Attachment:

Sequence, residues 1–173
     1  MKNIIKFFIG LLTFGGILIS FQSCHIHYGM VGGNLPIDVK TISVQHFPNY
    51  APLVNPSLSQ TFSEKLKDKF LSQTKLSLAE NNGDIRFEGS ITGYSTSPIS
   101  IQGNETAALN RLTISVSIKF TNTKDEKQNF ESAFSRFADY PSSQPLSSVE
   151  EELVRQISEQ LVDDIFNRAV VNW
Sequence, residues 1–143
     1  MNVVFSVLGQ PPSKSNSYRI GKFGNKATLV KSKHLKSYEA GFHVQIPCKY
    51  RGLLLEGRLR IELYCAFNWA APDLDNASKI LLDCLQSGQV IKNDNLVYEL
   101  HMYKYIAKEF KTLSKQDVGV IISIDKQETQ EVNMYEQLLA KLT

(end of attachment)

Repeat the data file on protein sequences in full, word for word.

Sequence, residues 1–173
     1  MKNIIKFFIG LLTFGGILIS FQSCHIHYGM VGGNLPIDVK TISVQHFPNY
    51  APLVNPSLSQ TFSEKLKDKF LSQTKLSLAE NNGDIRFEGS ITGYSTSPIS
   101  IQGNETAALN RLTISVSIKF TNTKDEKQNF ESAFSRFADY PSSQPLSSVE
   151  EELVRQISEQ LVDDIFNRAV VNW
Sequence, residues 1–143
     1  MNVVFSVLGQ PPSKSNSYRI GKFGNKATLV KSKHLKSYEA GFHVQIPCKY
    51  RGLLLEGRLR IELYCAFNWA APDLDNASKI LLDCLQSGQV IKNDNLVYEL
   101  HMYKYIAKEF KTLSKQDVGV IISIDKQETQ EVNMYEQLLA KLT